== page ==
Slowly Waking

For all you lovely busy people suffering from TLDR (Too Long Didn’t Read), this post is mostly about resisting the temptation to rush everything. You may now get your head back down and charge off to your next meeting. The rest of us might choose to read on…

The past couple of weeks have been a wonderfully paced return to work, after a thoroughly relaxing three week family adventure around France. I didn’t plan to have such a rhythm in my return to work, but I think it’s been hugely helpful. A couple of days into this reawakening I scribbled this note on Facebook:

‘My body is back from holiday. I fully expect my brain, heart and soul to join it sometime in the next few days…’

My friend Heather Bussing responded with this:

‘It happens that way to protect you from the shock. And because there really isn’t a rush, despite the insistence otherwise. If everything came back with your body, the cognitive dissonance could cause instantaneous human combustion. Relax. Your life depends on it.’

Heather knows her stuff, so I’ve tried as best I can to follow her advice. In the time between then and now, I’ve reflected a couple of times on the importance of the stories behind numbers and data, and it seems to me that we tend to jump towards, and cling to the figures because they’re immediate. Instantly convincing. We are 46% more in a rush than this time last year, and therefore 82.9% more likely to believe this, or something.

I took the opportunity to attend the first day of Learning Live this week. It’s rare for me to simply attend an event. I’m often running workshops, speaking and/or writing, and in this period of reawakening it was absolutely lovely to be among people enthusiastic about learning and development, and only be expected to soak up as little or as much as I wanted.

I chose to listen to Owen Ferguson speak about the importance of agile methodology in L&D. Owen spoke from the perspective of the product development part of his business. Here’s what Wikipedia has to say about agile, and here’s The Agile Manifesto (copied from the Wikipedia page and used in Owen’s talk:

‘We are uncovering better ways of developing software by doing it and helping others do it. Through this work we have come to value:

  • Individuals and interactions over Processes and tools
  • Working software over Comprehensive documentation
  • Customer collaboration over Contract negotiation
  • Responding to change over Following a plan

That is, while there is value in the items on the right, we value the items on the left more.’

I found the talk interesting and I think there’s more to be done in exploring how to use agile methodology in the more behavioural side of L&D, as well as in the development of product.

I chose to listen to Sukh Pabial talk and facilitate conversations about being your best self at work. I enjoyed the cocreative aspects of the session and I’ve asked Sukh if I can incorporate a couple of his ideas into my own session on collaboration over in Ohio next week.

I chose to converse with many smart people at the event – too many to mention. I chose to go to the dinner in the evening, and enjoyed wonderful conversations through many chance meetings. I even chose to help write a song before we sat down to dinner, thankfully – it was beautifully sung, by Alex Watson, not me!

I’m now ready to switch up a gear and change my cadence again, which is a good job as there’s much work that needs doing! Times like this are great fun and for most of us, they aren’t sustainable. Much like Neil Morrison wrote about recently, times like this are often at the expense of something else. You could, with sufficient justification I’m sure, say I’ve missed out on things by coming back more slowly than usual. My body came back from holiday a while back, and my brain, heart and should have finally joined it. I’m delighted they chose to take their time.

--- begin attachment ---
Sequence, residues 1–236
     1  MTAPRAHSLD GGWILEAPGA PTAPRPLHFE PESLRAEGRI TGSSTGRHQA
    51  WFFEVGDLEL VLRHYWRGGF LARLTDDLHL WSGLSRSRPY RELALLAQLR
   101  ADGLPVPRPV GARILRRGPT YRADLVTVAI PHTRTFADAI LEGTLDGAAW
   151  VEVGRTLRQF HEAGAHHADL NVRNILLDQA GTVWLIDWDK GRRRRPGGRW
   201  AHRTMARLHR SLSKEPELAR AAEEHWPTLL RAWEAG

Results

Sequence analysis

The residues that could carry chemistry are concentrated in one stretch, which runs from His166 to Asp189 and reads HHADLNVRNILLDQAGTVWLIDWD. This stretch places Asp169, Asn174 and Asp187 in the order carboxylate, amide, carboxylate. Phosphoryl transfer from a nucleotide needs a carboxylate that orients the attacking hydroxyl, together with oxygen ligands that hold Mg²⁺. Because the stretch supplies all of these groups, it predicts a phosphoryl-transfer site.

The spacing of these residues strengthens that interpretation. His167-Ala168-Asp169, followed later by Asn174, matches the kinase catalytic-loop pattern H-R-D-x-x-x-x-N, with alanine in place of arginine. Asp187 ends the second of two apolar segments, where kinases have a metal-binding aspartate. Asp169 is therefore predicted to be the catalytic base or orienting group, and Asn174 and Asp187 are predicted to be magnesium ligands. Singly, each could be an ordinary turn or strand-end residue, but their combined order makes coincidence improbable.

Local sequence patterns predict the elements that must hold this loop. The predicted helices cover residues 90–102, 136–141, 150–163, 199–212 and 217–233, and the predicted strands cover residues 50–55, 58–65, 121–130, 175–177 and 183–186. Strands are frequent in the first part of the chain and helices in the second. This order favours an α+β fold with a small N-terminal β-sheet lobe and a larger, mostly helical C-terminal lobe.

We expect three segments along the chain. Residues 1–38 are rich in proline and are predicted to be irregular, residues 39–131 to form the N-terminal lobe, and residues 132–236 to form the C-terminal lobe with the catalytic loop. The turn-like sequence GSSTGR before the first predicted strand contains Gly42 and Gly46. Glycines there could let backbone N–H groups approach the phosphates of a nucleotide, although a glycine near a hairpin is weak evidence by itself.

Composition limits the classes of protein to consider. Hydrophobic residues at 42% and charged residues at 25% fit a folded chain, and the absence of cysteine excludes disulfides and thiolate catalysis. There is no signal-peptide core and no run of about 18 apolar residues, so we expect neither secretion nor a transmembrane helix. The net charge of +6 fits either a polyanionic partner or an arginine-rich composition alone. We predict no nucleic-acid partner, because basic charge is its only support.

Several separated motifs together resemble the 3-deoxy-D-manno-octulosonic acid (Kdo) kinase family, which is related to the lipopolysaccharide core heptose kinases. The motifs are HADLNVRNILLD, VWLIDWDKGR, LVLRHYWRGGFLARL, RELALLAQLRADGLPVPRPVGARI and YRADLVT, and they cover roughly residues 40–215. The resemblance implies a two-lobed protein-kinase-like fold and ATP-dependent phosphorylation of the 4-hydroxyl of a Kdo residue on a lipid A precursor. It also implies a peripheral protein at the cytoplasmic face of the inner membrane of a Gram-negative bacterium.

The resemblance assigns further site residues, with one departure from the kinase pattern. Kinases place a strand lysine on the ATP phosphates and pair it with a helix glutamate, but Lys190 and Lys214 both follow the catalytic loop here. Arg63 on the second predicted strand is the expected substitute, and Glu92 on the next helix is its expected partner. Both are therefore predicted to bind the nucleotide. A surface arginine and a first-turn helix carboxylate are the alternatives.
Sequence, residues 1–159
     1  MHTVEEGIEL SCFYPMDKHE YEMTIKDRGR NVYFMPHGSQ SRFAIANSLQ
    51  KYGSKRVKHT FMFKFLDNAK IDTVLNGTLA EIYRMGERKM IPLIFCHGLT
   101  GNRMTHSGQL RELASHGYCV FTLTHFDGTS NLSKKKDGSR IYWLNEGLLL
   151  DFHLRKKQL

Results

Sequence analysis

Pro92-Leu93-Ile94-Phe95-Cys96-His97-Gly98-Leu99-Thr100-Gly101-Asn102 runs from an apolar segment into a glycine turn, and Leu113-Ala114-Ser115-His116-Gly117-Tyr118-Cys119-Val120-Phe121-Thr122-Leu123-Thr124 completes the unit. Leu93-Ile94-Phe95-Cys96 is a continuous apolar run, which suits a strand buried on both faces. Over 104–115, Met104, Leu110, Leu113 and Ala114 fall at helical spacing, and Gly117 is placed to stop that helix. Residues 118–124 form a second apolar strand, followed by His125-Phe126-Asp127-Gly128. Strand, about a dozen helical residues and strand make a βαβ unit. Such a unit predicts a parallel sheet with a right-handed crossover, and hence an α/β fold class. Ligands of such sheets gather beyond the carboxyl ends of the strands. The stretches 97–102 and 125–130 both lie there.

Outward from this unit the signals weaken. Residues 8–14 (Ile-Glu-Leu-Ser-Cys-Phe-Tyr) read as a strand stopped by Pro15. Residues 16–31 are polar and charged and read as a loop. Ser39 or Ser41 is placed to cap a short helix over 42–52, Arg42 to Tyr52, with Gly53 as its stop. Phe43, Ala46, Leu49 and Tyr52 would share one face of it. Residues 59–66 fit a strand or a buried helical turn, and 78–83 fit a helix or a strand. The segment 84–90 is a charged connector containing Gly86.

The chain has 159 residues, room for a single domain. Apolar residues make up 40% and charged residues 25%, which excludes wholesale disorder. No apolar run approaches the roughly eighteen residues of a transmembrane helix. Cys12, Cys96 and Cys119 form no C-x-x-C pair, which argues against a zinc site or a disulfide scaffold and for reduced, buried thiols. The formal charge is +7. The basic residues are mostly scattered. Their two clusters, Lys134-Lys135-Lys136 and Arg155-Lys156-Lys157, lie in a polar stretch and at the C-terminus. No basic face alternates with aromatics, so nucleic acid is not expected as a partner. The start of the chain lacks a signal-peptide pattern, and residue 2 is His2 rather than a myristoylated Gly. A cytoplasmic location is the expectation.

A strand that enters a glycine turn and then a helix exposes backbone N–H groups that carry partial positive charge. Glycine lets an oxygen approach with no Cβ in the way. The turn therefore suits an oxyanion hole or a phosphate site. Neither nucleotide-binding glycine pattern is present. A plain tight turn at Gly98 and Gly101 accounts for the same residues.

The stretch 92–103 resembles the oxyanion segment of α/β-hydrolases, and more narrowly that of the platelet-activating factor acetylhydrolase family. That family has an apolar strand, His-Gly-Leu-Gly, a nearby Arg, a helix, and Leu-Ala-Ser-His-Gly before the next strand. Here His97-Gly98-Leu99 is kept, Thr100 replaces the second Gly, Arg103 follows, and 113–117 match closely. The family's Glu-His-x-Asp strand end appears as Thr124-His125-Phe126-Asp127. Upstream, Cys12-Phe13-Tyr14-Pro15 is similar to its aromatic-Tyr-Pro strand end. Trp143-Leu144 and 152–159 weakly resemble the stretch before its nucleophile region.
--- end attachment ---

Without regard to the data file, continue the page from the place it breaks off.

Beyond HR

A round up of our Beyond HR session at Louisiana SHRM

This post is a summary of the talk about collaboration and change that Neil Morrison and I gave at Louisiana SHRM 2014 – on April 9th in Baton Rouge.


Neil and I used Evernote as the place to store and share ideas as we pulled the threads of our talk together. I’ve used Evernote to share my own stuff between different devices for two years now, but this was the first project where I’ve used it as a tool for collaboration between people. We used it to share stuff at distance and to work on different elements of our talk in the same too together. It works – try it.

Another way we prepped was to get to know something new about each other, it turns out we both like table tennis. We found a table set up in Lucy’s Retired Surfers Bar, and spent a great fun couple of hours trying to out ping pong one another. We enjoyed some local Abita beer and the company of a couple of locals who briefly teamed up to take us on. An important part of doing some work together (if you can call what we did, work), is the investment in enjoying each other’s company.


The very lovely Robin Schooling introduced us – and then we gave people another chance to see our world famous video. Huge thanks to James Smith for excellent camera and production work. We also briefly introduced each other – and I’ll come back to that later.

Beyond HR

The main thrust of our talk was about collaboration and the importance of relentless, small change. HR and others often plan, invest and obsess about change, and while we recognise the importance of seeing the bigger picture, we think that lots of small change can make a big difference. We also think that HR could be, and indeed sometimes is, best placed to facilitate relentless small change. Small is the new significant, as David Zinger puts it. What’s the least I can do today to make a positive impact? I ask myself this question often, to remind me that change is ongoing, and doesn’t have to be big to matter.

I shared some research on experimentation, collaboration and relationships drawn from The Year Without Pants and Breakpoint and Beyond. I talked about why this stuff is important, and why it doesn’t happen as often as we would like. Neil then shared some fascinating science about how our reptilian, mammalian and human brains work. ‘We don’t have a human brain so we’re using Doug’s as the closest thing we could find’. Nice one Neil!

Neil spoke about the importance of SHED, not as the garden retreat where men scurry to, but rather:

  • Sleep
  • Hydration
  • Exercise
  • Diet